I feel kinda bad for bringing this thread back from the dead, but I think my original review of "celluclay" was a bit unfair due to not experimenting with it sufficiently. So in the interest of fairness here's another review of celluclay part 2.
Celluclay is kinda like paper mache, but you can sculpt with it after adding some water. You can not apply it in thin layers like paper mache or pour it into a mold like plaster. It's physical properties is clay-like when wet hence the name celluclay. Add a little bit of water, mix it up, and you're set to go. If there's too much water then add more celluclay to get the right moisture content. This is VERY important because this stuff isn't going to dry if it's too wet. Once dried this stuff can be sanded and the cracks and dents can be filled with spackle to produce a smooth surface. It can also be painted.
lightweight and strong enough for costuming purposes. Reasonably priced, non-toxic, easy to work with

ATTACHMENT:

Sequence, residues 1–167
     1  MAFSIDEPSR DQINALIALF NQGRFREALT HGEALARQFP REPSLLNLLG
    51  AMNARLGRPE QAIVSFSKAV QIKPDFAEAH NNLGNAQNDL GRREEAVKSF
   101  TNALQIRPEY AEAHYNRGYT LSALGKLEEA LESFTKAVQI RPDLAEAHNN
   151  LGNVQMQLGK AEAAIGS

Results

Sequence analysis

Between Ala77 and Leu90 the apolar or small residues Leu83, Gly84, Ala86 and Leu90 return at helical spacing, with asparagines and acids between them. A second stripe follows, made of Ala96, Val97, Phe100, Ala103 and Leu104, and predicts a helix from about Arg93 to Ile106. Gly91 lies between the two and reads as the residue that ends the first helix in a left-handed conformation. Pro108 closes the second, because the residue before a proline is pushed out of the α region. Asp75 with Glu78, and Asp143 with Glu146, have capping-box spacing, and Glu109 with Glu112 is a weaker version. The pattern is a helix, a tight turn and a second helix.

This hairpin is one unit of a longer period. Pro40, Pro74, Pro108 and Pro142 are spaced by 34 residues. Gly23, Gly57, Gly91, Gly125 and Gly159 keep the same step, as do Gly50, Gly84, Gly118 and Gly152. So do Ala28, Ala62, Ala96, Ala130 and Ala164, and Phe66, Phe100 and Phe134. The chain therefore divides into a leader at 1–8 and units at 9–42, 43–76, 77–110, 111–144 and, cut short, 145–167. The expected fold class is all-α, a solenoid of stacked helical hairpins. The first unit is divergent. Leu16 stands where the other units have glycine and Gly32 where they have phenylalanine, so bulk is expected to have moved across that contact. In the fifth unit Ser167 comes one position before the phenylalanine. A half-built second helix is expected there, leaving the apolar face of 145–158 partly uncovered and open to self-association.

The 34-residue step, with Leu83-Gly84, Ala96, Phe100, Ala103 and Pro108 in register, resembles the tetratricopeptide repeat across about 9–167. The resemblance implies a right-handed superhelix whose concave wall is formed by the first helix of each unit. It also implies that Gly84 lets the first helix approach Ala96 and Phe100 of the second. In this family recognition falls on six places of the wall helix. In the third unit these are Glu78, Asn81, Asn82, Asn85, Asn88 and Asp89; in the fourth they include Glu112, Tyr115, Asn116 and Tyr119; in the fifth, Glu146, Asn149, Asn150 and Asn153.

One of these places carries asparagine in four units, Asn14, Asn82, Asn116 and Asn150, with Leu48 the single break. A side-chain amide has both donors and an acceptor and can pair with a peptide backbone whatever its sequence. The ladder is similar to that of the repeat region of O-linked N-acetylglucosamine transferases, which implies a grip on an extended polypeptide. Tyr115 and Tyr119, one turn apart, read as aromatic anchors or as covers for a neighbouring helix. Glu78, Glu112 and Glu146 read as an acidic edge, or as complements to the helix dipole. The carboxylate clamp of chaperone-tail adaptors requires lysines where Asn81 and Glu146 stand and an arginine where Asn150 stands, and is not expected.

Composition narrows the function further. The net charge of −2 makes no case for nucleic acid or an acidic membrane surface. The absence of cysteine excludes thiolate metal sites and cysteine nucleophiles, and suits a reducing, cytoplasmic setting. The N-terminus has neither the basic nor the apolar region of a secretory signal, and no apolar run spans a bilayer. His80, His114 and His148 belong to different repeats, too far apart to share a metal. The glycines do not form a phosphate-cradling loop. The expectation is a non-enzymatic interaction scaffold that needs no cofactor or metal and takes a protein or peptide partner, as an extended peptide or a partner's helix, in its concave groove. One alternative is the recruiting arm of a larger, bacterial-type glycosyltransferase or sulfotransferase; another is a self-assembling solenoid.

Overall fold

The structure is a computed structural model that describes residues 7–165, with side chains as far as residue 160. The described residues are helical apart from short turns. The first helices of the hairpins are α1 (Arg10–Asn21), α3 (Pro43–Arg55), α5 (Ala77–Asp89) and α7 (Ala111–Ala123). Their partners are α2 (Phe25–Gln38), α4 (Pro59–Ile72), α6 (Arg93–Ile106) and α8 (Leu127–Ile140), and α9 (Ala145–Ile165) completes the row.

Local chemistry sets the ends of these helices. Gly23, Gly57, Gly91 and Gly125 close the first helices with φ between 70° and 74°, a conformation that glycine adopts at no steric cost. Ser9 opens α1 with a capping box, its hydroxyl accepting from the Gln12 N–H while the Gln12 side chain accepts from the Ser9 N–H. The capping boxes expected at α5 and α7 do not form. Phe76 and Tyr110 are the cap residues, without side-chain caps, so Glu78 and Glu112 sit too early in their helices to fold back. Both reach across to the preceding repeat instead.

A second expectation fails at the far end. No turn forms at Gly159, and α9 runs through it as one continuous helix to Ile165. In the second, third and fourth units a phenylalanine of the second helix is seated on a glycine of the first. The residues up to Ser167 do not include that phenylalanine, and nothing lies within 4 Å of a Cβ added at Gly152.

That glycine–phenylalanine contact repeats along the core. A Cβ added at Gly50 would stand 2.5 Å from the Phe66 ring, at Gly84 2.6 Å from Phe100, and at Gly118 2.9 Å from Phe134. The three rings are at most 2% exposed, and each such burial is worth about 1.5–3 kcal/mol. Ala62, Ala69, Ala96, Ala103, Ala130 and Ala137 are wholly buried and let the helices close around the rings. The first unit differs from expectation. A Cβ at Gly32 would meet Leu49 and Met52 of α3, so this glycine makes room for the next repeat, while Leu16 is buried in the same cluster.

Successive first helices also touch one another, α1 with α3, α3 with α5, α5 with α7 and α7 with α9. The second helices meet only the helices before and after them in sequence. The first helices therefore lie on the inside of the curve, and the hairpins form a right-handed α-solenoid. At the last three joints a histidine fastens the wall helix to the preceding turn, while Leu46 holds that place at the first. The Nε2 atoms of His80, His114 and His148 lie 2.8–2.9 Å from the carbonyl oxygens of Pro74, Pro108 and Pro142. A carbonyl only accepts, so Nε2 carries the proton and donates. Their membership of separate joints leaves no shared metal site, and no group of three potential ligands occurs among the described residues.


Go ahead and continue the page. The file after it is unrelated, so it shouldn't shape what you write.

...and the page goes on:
takes a LONG time to dry. I made a 1 inch thick slab as a test sample and it took a month to completely dry. However, celluclay can be warmed in an oven to speed up the drying time.
what can be made:
small things like jewelry perhaps. If you're going to make large thick objects start off with a piece of stryofoam and slap some celluclay over it and then sculpt. If it's made of pure celluclay it will never dry. You can make thin shelled stuff like body armor but it must be supported by an armature.
In a nutshell celluclay is pretty good stuff. My biggest peeve is it's long dry time which limits how thick your sculptings can be. I once said keep it under 1/2 inch but I guess you can make thicker sculptings but just be cafeful. If it's too thick it won't dry.
why such a long post about this material? Now that I know how to use this stuff, I've got some real evil cosplay plans for this